• $\begingroup$ Apologies, I mistakenly wrote $\frac12\sin(x/2)$ instead of $2\sin(x/2)$, the proof remains valid though, as the difference of a constant simply cancels out. I have added the proof I remember to the answer. $\endgroup$
    – person
    Apr 30 at 17:41
  • $\begingroup$ It checks out now. Many thanks! $\endgroup$ May 1 at 18:14
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I can't really improve on @person's answer other than some convex stuff.

The problem is $\min \{ N(x) | 0 \le x_k \le \pi, \sum_k x_k = 2 \pi \}$, where $N(x) = -\sum_k 2 \sin { x_k \over 2} $. Given the restriction on the arguments, we see that $N$ is convex. Since the feasible set is compact, there is a solution. Note that if $x$ is a solution, then so is $\Pi x$ for any permutation $\Pi$. Let ${\cal P}$ be the set of permutations. Since $N$ is convex, we have $N( {1 \over |{\cal P}|}\sum_\Pi \Pi x) \le {1 \over |{\cal P}|} \sum_\Pi N(\Pi x) = N(x)$, and so a solution of the form $(\theta,...,\theta)$ exists ($\theta = {2 \pi \over n}$, of course).

A little more work shows that $N''>0$ and so $N$ is strictly convex, hence the solution is unique.

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    $\begingroup$ If $ \theta_j>\theta_{j+1}$ for some $j$ (with $\theta_{n+1}=\theta_1)$ then $\sin (\theta_j/2)+\sin (\theta_{j+1}/2)<2\sin ((\theta_j+\theta_{j+1})/2)$. Because if $\pi/2>u\ge v>0$ and $u+v$ is constant then $d (\sin u +\sin v)/du=\cos u -\cos v<0 $ except when $u=v. $ So the perimeter is not maximized unless $\theta_j=\theta_{j+1}$ for every $j$, $\endgroup$ May 1 at 7:29
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Convexity Approach

Let $\theta_k$ be the angle subtended by side $k$ as viewed from the center of the circle. The perimeter of the polygon is $$ 2\sum_{k=1}^n\sin(\theta_k/2) $$ $\sin(x)$ is concave on $[0,\pi]$. This means that $$ \sin\left(\frac{\theta_k/2+\theta_{k+1}/2}2\right)\ge\frac{\sin(\theta_k/2)+\sin(\theta_{k+1}/2)}2 $$ If two adjacent sides are not equal, then replacing them with equal sides subtending the average of their angles will not decrease the perimeter. Thus, we see that a regular polygon will give the maximum perimeter.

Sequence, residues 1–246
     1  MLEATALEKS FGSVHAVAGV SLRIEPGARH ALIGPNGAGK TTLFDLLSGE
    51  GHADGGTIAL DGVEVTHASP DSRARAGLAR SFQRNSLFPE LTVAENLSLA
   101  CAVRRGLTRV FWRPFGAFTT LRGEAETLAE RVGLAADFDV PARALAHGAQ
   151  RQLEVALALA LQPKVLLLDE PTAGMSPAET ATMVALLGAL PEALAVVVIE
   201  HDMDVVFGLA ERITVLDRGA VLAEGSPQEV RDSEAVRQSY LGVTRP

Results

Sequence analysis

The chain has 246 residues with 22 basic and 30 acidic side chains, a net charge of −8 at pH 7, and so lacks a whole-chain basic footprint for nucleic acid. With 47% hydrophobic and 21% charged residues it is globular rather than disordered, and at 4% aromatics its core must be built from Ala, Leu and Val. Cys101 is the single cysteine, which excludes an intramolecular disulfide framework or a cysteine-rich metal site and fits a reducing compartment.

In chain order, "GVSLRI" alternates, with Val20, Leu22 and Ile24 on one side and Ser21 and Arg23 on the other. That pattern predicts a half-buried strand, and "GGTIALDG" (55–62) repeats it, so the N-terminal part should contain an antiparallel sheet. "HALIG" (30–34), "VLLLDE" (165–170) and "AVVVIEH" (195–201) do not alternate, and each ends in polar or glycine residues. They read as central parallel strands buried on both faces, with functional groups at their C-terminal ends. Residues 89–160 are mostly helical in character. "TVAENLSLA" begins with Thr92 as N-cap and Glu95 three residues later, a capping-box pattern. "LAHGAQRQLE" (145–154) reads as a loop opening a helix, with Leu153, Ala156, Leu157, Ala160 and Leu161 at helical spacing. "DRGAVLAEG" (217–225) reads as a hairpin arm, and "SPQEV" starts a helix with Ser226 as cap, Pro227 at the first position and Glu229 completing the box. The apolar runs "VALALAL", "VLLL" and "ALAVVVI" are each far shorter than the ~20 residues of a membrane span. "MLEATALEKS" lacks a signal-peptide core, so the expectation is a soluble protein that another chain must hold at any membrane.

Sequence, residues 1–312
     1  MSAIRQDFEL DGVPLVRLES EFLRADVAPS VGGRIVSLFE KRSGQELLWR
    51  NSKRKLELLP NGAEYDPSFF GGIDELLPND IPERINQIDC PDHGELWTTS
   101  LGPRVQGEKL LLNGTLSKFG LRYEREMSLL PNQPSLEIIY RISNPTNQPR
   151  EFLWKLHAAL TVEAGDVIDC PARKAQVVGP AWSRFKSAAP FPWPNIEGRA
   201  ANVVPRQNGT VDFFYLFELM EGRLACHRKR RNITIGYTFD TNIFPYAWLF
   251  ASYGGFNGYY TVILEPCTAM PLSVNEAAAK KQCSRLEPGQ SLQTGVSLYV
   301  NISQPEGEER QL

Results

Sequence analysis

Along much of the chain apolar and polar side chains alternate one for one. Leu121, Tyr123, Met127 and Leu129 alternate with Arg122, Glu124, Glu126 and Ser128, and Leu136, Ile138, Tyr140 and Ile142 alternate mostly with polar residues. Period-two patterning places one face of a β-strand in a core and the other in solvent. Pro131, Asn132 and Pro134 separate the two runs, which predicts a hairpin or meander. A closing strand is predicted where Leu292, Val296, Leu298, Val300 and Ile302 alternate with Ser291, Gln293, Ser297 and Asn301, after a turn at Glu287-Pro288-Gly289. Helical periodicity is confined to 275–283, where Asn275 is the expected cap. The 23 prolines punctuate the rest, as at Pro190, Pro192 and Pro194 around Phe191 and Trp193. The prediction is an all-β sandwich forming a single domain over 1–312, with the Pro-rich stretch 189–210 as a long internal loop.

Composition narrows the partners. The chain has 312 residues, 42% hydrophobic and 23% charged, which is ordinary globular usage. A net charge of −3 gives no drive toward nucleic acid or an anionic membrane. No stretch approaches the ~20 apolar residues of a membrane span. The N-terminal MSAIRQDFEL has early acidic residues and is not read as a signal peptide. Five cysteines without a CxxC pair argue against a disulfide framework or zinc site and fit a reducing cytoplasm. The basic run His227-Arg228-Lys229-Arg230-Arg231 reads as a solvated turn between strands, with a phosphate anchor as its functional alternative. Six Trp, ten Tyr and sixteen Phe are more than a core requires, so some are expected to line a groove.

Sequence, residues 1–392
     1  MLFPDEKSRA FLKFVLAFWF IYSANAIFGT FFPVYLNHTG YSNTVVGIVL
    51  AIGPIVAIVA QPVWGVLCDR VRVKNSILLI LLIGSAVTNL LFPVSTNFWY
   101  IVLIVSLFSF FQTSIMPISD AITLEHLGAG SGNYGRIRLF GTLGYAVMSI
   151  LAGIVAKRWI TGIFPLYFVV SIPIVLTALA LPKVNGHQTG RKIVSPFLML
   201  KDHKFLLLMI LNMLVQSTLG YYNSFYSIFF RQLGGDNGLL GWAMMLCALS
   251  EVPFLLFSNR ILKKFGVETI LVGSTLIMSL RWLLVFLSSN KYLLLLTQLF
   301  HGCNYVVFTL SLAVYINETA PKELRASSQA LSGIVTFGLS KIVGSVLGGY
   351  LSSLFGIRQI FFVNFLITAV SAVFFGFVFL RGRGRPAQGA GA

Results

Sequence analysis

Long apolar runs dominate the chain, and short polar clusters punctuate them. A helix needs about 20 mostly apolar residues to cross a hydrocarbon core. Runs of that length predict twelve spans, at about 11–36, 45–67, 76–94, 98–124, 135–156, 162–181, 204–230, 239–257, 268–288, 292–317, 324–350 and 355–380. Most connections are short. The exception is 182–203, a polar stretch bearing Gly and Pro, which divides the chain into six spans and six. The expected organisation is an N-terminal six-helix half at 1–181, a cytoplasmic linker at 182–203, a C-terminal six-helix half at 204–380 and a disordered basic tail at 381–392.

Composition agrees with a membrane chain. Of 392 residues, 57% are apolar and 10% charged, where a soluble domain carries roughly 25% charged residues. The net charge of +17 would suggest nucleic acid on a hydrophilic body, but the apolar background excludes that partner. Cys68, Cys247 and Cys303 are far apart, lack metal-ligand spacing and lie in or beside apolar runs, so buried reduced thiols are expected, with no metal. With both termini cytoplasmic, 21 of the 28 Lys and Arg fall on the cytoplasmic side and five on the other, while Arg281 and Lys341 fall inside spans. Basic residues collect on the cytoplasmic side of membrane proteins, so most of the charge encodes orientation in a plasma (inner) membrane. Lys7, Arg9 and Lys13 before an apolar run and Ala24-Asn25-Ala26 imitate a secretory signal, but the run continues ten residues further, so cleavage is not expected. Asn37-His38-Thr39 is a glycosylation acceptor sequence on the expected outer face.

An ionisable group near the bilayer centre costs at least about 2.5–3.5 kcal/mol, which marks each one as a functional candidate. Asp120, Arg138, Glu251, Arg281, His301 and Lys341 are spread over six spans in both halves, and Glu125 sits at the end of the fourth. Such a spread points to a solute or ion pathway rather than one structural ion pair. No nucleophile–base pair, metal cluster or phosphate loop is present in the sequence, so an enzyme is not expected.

Variational Approach

For simplicity of notation, let the indices be cyclic; i.e. $x_0=x_n$ and $x_1=x_{n+1}$.

For all $\delta x_k$ that maintain $|x_k|=1$, that is, $$ x_k\cdot\delta x_k=0\tag1 $$ we want $$ \begin{align} 0 &=\delta\sum_{k=1}^n|x_k-x_{k-1}|\tag{2a}\\ &=\sum_{k=1}^n\frac{x_k-x_{k-1}}{|x_k-x_{k-1}|}\cdot\delta(x_k-x_{k-1})\tag{2b}\\ &=\sum_{k=1}^n\frac{x_k-x_{k-1}}{|x_k-x_{k-1}|}\cdot\delta x_k-\sum_{k=0}^{n-1}\frac{x_{k+1}-x_k}{|x_{k+1}-x_k|}\cdot \delta x_k\tag{2c}\\ &=\sum_{k=1}^n\left(\frac{x_k-x_{k-1}}{|x_k-x_{k-1}|}+\frac{x_k-x_{k+1}}{|x_{k+1}-x_k|}\right)\cdot\delta x_k\tag{2d} \end{align} $$ Explanation:
$\text{(2a)}$: to maximize the perimeter, the variation of the perimeter must be $0$
$\text{(2b)}$: chain rule
$\text{(2c)}$: split the sum and reindex the second sum
$\text{(2d)}$: apply the cyclic indices and combine the sums

Orthogonality says that to get $(2)$ for all $\delta x_k$ that satisfy $(1)$, there must be a constant $\lambda$ so that $$ \begin{align} \lambda x_k &=\frac{x_k-x_{k-1}}{|x_k-x_{k-1}|}+\frac{x_k-x_{k+1}}{|x_{k+1}-x_k|}\tag{3a}\\[3pt] &=2\cos(\theta_k/2)\,x_k\tag{3b} \end{align} $$ $\text{(3a)}$: compare $(1)$ and $(2)$
$\text{(3b)}$: the sum of two unit vectors is a vector of length
$\phantom{\text{(3b):}}$ $2\cos(\theta/2)$ in the direction of their bisector,
$\phantom{\text{(3b):}}$ where $\theta$ is the angle between the unit vectors

enter image description here

Since $2\cos(\theta_k/2)=\lambda$, we know that $\theta_k$ is the same for all $k$. This makes each triangle $(0,x_k,x_{k+1})$ isosceles and congruent. Thus, the polygon is regular.

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  • $\begingroup$ Nice. Your first approach is what I outlined in my comment. $\endgroup$
    – Lee Mosher
    May 1 at 20:43
  • $\begingroup$ The second approach can be extended slightly to show that of all polygons with $n$ sides and a given perimeter, the greatest area is given by a regular $n$-gon. $\endgroup$
    – robjohn
    May 5 at 18:48